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List of Subjects in 40 CFR Part 52

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Dated: August 19, 2005.

Laura Yoshii,

Acting Regional Administrator, Region IX.

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Part 52, Chapter I, Title 40 of the Code of Federal Regulations is amended as follows:

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PART 52—[AMENDED]

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1. The authority citation for Part 52 continues to read as follows:

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Authority: 42 U.S.C. 7401 et seq.

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Subpart F—California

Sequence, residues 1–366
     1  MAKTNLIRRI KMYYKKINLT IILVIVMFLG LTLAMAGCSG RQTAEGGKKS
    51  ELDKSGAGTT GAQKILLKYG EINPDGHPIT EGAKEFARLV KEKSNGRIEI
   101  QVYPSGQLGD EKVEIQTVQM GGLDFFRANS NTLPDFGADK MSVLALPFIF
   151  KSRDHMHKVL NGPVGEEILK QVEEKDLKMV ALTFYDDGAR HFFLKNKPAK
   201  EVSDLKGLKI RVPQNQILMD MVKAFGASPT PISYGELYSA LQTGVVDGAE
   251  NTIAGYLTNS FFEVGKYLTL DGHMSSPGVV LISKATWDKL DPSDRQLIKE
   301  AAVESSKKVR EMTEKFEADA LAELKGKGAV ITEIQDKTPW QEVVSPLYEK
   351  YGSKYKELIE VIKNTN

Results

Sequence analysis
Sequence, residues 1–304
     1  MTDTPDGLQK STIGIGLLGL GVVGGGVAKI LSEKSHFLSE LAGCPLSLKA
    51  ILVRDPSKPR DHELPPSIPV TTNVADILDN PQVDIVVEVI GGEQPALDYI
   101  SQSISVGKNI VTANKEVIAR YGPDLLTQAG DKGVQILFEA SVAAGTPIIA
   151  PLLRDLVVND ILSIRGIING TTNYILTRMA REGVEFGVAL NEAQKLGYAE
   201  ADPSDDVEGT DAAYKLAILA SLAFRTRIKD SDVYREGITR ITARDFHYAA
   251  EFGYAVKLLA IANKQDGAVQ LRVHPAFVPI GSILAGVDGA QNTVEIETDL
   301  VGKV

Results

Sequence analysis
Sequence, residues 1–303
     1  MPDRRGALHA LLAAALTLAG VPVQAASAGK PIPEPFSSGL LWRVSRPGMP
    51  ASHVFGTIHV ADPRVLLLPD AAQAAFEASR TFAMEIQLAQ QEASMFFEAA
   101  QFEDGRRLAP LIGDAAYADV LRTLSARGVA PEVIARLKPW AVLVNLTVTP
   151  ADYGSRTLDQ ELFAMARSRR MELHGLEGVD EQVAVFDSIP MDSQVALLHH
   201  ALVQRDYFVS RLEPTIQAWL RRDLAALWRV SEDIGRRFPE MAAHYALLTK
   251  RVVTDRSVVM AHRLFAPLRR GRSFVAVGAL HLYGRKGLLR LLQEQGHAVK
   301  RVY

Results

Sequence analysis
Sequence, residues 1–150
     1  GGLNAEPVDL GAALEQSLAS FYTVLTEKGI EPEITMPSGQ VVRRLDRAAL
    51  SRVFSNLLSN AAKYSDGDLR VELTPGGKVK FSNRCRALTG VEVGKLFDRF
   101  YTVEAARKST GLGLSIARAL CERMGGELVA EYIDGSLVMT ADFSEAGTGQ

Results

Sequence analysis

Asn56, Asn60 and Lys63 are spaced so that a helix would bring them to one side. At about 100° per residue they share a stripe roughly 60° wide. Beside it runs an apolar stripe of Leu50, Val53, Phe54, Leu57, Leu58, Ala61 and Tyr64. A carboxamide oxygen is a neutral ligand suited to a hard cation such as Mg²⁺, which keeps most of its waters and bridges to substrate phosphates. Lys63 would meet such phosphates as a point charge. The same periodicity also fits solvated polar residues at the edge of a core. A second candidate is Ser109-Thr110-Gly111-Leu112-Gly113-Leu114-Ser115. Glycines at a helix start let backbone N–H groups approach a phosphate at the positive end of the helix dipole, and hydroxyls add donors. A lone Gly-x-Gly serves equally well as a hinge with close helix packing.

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2. Section 52.220 is amended by adding paragraph (c)(337) to read as follows:

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Identification of plan.
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(c) * * *

(337) New and amended regulations for the following APCDs were submitted on July 15, 2005, by the Governor's designee.

(i) Incorporation by reference.

(A) San Joaquin Valley Unified Air Pollution Control District.

(1) Rule 4623, adopted on April 11, 1991 and amended on May 19, 2005.

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[FR Doc. 05-18019 Filed 9-12-05; 8:45 am]